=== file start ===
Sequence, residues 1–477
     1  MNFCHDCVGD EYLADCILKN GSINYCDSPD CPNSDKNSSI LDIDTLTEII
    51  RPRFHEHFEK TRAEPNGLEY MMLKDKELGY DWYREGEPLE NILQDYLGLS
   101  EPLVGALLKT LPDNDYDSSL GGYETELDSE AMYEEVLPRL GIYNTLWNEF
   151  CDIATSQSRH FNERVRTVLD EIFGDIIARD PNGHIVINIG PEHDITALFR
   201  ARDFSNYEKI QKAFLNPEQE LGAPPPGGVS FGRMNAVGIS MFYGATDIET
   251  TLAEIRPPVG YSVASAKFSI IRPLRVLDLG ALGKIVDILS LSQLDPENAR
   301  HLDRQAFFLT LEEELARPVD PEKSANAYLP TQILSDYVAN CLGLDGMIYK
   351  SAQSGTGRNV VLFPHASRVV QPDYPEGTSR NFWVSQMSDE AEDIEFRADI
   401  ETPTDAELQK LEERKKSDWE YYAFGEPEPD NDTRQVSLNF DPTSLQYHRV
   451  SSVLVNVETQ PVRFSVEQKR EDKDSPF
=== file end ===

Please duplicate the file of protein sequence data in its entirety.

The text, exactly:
Sequence, residues 1–477
     1  MNFCHDCVGD EYLADCILKN GSINYCDSPD CPNSDKNSSI LDIDTLTEII
    51  RPRFHEHFEK TRAEPNGLEY MMLKDKELGY DWYREGEPLE NILQDYLGLS
   101  EPLVGALLKT LPDNDYDSSL GGYETELDSE AMYEEVLPRL GIYNTLWNEF
   151  CDIATSQSRH FNERVRTVLD EIFGDIIARD PNGHIVINIG PEHDITALFR
   201  ARDFSNYEKI QKAFLNPEQE LGAPPPGGVS FGRMNAVGIS MFYGATDIET
   251  TLAEIRPPVG YSVASAKFSI IRPLRVLDLG ALGKIVDILS LSQLDPENAR
   301  HLDRQAFFLT LEEELARPVD PEKSANAYLP TQILSDYVAN CLGLDGMIYK
   351  SAQSGTGRNV VLFPHASRVV QPDYPEGTSR NFWVSQMSDE AEDIEFRADI
   401  ETPTDAELQK LEERKKSDWE YYAFGEPEPD NDTRQVSLNF DPTSLQYHRV
   451  SSVLVNVETQ PVRFSVEQKR EDKDSPF